Don:
 I think that the style guide should be removed. It's rather obsolete and 
 was never completely accepted. It's misleading, and not adding much 
 value any more.

A style guide is important to increase the uniformity of code written in D, I have followed most of it in my dlibs1. One of the main purposes of a module system is to help sharing working units of code. Conventions are important when you want to use modules written by other people. The C/C++ code you can find in the wild is ever different, while other languages (like C# and Python) show the value of more uniformity. Too much freedom in style and form is not positive. D can improve on this too compared to C/C++. Tango team has not followed it and I think they are partially wrong. So I think the D style guide should be kept, improved, and better enforced, few bits of Phobos2 can be changed to follow the conventions more (for example the name of some templates of D2 can start with an upper case). Once the style guide is updated, Andrei can follow it. Bye, bearophile
Mar 30 2010
parent reply Matt <euroquigs hotmail.com> writes:
 Don:
 I think that the style guide should be removed. It's rather obsolete and 
 was never completely accepted. It's misleading, and not adding much 
 value any more.

A style guide is important to increase the uniformity of code written in D, I have followed most of it in my dlibs1. One of the main purposes of a module system is to help sharing working units of code. Conventions are important when you want to use modules written by other people. The C/C++ code you can find in the wild is ever different, while other languages (like C# and Python) show the value of more uniformity. Too much freedom in style and form is not positive. D can improve on this too compared to C/C++.

Very good point about shared code, and C#/Python. It's not like the D language forces you to do your OWN style in any particular way. But having a uniform presentation in the shared language code goes a long way in learning and adoption. And although my original post was semi-joking... much of me has seriously thought when first perusing the language and code examples, "Why would someone mix tabs and spaces together and write a style guide saying that it's SUPPOSED to be that way? This language must be a joke..." I know this conversation thread is a silly anecdote to many hardcore readers in this newsgroup, but it's message is dead-on serious when it applies to intelligent outsiders who peruse D, and sophomores in college trying to learn how to program, among others.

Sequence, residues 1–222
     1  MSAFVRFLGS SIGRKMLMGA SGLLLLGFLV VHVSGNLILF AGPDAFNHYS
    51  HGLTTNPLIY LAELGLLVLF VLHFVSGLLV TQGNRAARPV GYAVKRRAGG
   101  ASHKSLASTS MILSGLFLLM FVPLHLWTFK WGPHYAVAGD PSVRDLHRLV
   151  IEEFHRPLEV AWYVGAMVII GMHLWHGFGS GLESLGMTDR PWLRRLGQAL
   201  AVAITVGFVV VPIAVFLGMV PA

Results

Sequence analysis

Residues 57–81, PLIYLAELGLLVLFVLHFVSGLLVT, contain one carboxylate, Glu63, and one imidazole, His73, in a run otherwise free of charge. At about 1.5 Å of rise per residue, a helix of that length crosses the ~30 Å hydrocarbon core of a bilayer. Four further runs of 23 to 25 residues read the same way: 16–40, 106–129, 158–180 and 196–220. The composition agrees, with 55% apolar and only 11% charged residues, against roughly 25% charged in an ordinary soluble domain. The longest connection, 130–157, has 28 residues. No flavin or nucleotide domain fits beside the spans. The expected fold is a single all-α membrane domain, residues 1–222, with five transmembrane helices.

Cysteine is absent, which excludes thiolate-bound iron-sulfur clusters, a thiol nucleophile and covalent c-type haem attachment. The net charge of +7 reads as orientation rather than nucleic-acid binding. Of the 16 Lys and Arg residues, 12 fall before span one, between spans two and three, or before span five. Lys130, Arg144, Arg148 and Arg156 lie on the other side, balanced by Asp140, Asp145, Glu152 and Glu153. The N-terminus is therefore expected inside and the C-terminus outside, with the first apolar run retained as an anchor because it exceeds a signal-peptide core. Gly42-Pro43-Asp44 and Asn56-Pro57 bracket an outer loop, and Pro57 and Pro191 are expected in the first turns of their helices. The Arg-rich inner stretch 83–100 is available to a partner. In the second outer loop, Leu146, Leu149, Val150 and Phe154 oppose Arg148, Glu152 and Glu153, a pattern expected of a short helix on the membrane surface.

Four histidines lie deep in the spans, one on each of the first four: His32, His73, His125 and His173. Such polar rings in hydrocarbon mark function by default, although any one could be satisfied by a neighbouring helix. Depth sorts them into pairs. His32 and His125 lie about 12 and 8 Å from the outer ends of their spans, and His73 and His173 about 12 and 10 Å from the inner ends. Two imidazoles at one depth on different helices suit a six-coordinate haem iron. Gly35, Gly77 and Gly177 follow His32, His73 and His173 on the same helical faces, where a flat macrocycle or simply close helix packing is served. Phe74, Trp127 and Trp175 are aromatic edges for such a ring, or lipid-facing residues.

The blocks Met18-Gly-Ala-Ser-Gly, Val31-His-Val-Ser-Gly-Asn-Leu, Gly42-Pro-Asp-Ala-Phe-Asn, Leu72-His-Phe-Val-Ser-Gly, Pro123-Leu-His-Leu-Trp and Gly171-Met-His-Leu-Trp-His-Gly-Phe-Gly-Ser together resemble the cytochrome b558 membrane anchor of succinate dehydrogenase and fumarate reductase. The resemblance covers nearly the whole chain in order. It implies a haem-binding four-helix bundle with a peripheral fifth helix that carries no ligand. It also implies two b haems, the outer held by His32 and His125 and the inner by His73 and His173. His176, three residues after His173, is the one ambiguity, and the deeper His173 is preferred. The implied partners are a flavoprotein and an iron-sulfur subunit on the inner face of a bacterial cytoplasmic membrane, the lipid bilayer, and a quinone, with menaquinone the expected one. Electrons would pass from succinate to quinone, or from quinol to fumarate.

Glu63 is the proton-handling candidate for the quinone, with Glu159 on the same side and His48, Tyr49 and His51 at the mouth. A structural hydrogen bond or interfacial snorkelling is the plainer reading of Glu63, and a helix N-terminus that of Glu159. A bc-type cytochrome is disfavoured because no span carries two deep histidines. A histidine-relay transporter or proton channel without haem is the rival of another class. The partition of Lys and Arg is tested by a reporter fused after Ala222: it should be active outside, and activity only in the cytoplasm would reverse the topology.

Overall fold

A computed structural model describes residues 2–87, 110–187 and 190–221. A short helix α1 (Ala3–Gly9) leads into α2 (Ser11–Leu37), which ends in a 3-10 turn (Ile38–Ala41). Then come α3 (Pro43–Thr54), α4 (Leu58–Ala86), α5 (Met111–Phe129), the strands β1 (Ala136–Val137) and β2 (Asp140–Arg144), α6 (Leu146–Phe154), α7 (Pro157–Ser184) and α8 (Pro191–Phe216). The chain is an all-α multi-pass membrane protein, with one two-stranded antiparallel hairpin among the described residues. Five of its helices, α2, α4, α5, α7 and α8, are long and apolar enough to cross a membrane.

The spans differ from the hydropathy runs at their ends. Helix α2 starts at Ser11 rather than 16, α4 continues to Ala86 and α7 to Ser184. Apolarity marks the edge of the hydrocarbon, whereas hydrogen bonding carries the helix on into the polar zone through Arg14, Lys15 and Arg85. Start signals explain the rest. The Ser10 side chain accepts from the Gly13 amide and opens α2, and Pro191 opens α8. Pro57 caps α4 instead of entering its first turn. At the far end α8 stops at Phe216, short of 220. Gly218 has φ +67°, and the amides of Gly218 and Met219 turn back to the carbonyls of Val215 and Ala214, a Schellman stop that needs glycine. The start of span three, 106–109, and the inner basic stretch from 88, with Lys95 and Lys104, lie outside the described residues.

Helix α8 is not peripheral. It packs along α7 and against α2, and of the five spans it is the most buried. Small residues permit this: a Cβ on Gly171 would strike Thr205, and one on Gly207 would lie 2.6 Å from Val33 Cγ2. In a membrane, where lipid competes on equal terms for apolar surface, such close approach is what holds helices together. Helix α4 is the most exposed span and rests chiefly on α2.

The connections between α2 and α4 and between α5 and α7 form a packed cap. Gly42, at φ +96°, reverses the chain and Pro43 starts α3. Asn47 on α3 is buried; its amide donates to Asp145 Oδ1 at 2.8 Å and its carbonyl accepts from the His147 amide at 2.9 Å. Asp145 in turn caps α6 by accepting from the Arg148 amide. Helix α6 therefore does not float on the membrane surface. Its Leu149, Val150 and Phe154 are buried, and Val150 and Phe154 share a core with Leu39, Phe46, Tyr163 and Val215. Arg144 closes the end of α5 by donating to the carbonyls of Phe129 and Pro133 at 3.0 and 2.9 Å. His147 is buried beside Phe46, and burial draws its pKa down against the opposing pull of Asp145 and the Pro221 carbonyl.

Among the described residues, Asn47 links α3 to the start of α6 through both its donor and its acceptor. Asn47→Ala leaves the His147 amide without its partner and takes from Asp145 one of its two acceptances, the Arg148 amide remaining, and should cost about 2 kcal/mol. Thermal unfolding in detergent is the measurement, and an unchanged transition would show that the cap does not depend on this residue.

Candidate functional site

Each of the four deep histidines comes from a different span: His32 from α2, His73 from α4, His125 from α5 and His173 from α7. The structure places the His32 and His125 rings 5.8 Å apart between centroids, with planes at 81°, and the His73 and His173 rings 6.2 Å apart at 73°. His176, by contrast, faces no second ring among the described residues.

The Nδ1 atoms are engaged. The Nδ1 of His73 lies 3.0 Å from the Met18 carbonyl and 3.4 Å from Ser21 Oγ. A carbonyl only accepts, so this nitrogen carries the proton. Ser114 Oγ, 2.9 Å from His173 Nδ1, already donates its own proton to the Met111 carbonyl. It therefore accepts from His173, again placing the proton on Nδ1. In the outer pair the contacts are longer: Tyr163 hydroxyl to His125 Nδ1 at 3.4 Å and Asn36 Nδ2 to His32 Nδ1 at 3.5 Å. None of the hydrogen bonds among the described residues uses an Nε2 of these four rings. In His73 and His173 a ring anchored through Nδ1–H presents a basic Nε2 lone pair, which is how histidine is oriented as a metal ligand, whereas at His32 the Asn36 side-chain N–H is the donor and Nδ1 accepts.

Mar 30 2010
parent Walter Bright <newshound1 digitalmars.com> writes:
Matt wrote:
 I know this conversation thread is a silly anecdote to many hardcore readers
 in this newsgroup, but it's message is dead-on serious when it applies to
 intelligent outsiders who peruse D, and sophomores in college trying to learn
 how to program, among others.

The thing is, often people focus on something silly when deciding what technology to use. For example, just go to any C++ forum and say you don't use C++ because of X. You'll get a million vehement responses saying how X isn't really an issue and has a trivial workaround.
Mar 30 2010
prev sibling next sibling parent reply "Steven Schveighoffer" <schveiguy yahoo.com> writes:
On Tue, 30 Mar 2010 14:52:47 -0400, Matt <euroquigs hotmail.com> wrote:

 It makes me so sad, though, that the language will never take off  
 because of one fatal flaw that plagues the widespread adoption of the  
 language.  It's a flaw that makes educated people move on because they  
 simply won't take the language seriously.  I daresay there have been  
 millions who were about to learn D and then found out this flaw,  
 unfortunately figured it was a beginner's language, and moved on to  
 another exciting new language.

[...]
 Hhhmph, so it's my fault now?  I shouldn't be using notepad, I should be  
 using YOUR editor which makes your faulty method work?  Oh sure, blame  
 me.  But I'm not the retard who said tabs are 8 characters, indentions  
 are 4 characters, and just mix 'em up and have fun!

I agree. Something has to be done to capture the millions of serious non-beginner developers using notepad to write code. Walter, make this priority #1. -Steve
Mar 30 2010
parent reply Matt <euroquigs hotmail.com> writes:
Steven Schveighoffer Wrote:

 I agree.  Something has to be done to capture the millions of serious  
 non-beginner developers using notepad to write code.  Walter, make this  
 priority #1.
 

Haha, good comeback! :) BTW, I hope nobody serious is using Notepad. The point still stands, and I'm glad that others agree that the style guide should either be removed, or if there ever were an official style guide then that particular idiosyncrasy would be altered.
Mar 30 2010
next sibling parent reply bearophile <bearophileHUGS lycos.com> writes:
Steven Schveighoffer:
A style guide is just a guide, it's not a requirement.  Most people ignore it.<

If most people ignore it, then it's useless or worse than useless. C/C++ programs are too much free in such regard because those languages were born lot of time ago. If you look at C# code you can download from most sites you will see class methods written with a starting upper case. If you download code from most Python repositories you will usually find Classes, variable_names, etc. Bye, bearophile